Delirium is the most common post-surgical complication in older adults. Marked by acute temporary confusion, disorientation and/or agitation, it strikes as many as half of adults over 65 who undergo high-risk procedures such as cardiac surgery and hip replacements.
Postoperative delirium is also tightly linked to Alzheimer’s disease. Although each can occur independently, Alzheimer’s is a leading risk factor for delirium, and an episode of delirium puts patients at increased risk for cognitive decline and Alzheimer’s.
However, the physiological mechanisms that link delirium and Alzheimer’s disease remain largely unknown.
Now, in a paper published Nov. 22 in Alzheimer’s & Dementia: The Journal of the Alzheimer’s Association, researchers at Harvard Medical School and Beth Israel Deaconess Medical Center shed light on a genetic risk factor for Alzheimer’s disease that may indirectly influence patients’ risk of postoperative delirium.
In a study of older adults without dementia undergoing major noncardiac surgery, researchers observed that patients carrying a specific variant of a gene appeared to be much more vulnerable to delirium under certain conditions than people without the variant.
The team’s findings could open the door to future interventions to prevent or mitigate postoperative delirium in at-risk patients.
“Our findings confirmed our hypothesis that patients’ risk of postoperative delirium differs by genetic predisposition,” said Sarinnapha Vasunilashorn, assistant professor of medicine at HMS and Beth Israel Deaconess and first author of the study. “We observed a strong and significant association between high postoperative inflammation and delirium incidence, duration and severity among patients carrying a variant of the gene considered to be risky, while the association was weaker and nonsignificant among noncarriers.”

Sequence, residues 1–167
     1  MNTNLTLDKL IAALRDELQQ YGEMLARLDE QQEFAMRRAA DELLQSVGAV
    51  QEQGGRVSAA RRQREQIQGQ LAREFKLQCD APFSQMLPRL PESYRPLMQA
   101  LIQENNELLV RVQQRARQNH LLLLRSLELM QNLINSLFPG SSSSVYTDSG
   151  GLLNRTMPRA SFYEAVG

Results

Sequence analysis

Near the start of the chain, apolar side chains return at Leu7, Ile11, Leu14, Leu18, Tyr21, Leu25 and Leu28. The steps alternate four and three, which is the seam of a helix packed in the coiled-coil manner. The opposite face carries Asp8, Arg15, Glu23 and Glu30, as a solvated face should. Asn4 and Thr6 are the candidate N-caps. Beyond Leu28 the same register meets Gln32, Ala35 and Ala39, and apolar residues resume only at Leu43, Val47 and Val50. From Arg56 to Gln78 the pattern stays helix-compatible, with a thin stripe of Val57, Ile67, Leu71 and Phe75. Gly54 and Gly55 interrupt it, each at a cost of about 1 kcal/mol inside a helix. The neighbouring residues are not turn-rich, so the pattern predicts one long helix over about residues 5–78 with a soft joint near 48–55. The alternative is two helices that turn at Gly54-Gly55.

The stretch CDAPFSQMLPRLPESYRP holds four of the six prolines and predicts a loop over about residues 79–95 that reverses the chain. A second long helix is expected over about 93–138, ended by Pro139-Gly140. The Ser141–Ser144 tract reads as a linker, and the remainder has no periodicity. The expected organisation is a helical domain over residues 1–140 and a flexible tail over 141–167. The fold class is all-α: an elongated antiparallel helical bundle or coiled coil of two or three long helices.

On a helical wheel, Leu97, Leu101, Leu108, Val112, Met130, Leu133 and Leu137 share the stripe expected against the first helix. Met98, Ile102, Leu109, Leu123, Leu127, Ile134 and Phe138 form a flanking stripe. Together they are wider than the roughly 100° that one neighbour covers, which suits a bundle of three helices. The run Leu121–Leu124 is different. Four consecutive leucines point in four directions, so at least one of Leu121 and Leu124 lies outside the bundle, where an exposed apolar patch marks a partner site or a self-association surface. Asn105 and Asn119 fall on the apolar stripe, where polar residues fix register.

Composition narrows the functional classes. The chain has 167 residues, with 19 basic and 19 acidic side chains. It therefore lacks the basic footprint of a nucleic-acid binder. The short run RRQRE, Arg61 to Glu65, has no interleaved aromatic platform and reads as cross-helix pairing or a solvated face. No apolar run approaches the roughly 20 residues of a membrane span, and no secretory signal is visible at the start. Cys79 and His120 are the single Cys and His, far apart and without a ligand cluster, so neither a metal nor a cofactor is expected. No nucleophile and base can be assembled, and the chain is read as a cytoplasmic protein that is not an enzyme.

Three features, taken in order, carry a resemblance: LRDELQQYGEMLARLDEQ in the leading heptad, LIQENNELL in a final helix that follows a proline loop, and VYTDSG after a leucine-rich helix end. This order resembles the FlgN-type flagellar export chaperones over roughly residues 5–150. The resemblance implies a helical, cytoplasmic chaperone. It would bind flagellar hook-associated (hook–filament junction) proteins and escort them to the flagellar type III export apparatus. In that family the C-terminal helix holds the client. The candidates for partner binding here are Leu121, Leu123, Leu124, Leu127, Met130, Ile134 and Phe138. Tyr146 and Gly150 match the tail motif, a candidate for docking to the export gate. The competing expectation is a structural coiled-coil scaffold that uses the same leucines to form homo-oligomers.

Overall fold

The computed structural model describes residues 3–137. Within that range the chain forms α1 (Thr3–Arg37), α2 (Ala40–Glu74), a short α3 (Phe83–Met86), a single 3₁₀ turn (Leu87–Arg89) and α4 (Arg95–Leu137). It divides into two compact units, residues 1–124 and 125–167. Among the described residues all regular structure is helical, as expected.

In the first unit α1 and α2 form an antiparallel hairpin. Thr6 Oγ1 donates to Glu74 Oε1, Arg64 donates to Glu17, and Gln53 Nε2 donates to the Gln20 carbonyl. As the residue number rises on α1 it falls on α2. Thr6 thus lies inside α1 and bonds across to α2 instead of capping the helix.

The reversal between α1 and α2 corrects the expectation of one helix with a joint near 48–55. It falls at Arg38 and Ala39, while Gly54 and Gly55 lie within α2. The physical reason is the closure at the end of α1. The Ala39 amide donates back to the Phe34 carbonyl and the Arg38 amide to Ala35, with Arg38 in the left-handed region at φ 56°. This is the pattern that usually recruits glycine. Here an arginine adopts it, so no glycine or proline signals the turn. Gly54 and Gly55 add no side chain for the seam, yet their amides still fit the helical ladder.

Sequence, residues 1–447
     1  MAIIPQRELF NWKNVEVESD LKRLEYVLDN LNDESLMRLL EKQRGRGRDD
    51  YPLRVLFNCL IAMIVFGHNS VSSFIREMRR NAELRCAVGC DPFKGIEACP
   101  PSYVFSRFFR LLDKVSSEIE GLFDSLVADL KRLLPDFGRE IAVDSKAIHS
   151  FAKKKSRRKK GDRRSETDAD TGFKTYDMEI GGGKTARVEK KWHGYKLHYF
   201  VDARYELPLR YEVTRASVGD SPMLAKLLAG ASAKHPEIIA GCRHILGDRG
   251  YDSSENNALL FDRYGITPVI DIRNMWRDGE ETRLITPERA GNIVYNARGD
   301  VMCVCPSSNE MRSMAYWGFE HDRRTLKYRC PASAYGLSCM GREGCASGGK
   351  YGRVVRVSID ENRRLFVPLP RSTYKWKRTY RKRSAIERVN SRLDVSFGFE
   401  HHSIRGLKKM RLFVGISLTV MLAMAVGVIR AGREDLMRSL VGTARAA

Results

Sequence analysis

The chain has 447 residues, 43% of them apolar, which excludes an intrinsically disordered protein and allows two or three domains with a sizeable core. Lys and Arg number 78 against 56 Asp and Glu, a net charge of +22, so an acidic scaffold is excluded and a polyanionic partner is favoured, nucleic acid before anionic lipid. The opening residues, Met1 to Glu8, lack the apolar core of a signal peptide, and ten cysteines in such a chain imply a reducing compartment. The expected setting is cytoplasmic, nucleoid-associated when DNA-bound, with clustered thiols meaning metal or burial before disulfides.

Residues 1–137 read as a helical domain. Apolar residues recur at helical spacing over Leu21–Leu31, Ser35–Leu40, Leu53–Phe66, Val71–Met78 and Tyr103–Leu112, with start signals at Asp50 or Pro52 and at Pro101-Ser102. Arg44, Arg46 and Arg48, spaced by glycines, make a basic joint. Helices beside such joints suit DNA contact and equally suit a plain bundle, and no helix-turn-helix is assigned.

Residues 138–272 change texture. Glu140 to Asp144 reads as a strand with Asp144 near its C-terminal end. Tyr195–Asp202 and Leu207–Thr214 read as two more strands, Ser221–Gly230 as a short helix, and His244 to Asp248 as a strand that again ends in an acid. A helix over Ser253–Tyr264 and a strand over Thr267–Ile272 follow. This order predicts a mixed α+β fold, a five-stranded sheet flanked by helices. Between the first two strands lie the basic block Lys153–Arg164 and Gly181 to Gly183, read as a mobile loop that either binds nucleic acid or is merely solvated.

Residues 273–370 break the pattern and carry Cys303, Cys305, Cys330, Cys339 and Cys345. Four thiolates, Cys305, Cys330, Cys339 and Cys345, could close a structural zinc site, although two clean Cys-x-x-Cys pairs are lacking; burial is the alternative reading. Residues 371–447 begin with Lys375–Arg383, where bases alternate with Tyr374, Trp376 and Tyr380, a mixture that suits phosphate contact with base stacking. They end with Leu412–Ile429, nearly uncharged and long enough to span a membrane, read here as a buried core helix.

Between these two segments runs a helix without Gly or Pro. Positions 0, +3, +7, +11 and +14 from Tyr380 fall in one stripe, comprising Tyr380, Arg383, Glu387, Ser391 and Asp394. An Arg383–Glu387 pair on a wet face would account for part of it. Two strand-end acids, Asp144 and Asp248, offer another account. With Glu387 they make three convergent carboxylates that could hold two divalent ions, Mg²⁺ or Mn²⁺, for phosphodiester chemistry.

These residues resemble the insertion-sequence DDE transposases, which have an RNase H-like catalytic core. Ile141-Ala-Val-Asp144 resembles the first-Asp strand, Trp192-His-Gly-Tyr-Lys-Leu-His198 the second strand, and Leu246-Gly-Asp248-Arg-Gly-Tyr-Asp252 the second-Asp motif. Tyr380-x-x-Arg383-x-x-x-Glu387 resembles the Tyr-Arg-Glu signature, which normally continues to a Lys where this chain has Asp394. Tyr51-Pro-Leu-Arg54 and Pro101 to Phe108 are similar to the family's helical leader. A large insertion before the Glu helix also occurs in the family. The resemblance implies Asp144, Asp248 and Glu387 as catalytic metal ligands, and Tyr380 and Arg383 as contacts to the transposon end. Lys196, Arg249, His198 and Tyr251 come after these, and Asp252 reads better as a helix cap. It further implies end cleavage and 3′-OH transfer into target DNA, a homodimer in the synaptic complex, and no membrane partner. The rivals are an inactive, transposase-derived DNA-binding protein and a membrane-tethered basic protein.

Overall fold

Vasunilashorn and colleagues focused on a gene called APOE, short for apolipoprotein E. The risky version of the gene, notated as APOE ɛ4, is the strongest known genetic risk factor for late-onset Alzheimer’s disease and a widely studied genetic risk marker for delirium.
While recent studies have shown no direct relationship between APOE ɛ4 and delirium, Vasunilashorn’s team hypothesized that the gene variant might indirectly influence risk of delirium by modifying the body’s response to inflammation—part of the immune system’s natural defense system—indicated by the presence of an inflammatory marker in the blood called C-reactive protein, or CRP.
Using data from the Successful Aging after Elective Surgery (SAGES) study, an ongoing prospective cohort study investigating risk factors and long-term outcomes of delirium, the scientists looked at the incidence, severity and duration of delirium in 560 patients who were at least 70 years old and who underwent major noncardiac surgeries under general or spinal anesthesia. Patients were monitored for delirium, assessed by daily cognitive assessments of attention, memory and orientation throughout their hospital stay.
Analyzing data from patients’ blood drawn before surgery, immediately after surgery, two days after and one month after revealed that, among carriers of the APOE ɛ4 gene variant, patients with high levels of inflammation had an increased risk of postoperative delirium. However, among noncarriers of the APOE ɛ4 gene variant, the scientists found no such association.
“Our findings suggest that APOE ɛ4 may be an indicator of brain vulnerability,” said Vasunilashorn. “This work may inform the targeting of future interventions, such as anti-inflammatory treatments, for prevention of postoperative delirium and its associated adverse long-term cognitive outcomes in patients with this genetic susceptibility.”
Edward Marcantonio, professor of medicine at HMS and Beth Israel Deaconess, is senior author of the study.
This work was supported by the National Institute of Aging of the National Institutes of Health (grants K01AG057836, R03AG061582, P01AG031720, R24AG054259, K07AG041835, R21AG057955, R01AG041274, R21AG048600, R01AG051658 and K24AG035075); the Charles A. King Trust Postdoctoral Research Fellowship Program; Bank of America, N.A., Co-Trustee, and the Alzheimer’s Association (AARF-18-560786).
Adapted from a Beth Israel Deaconess news release.
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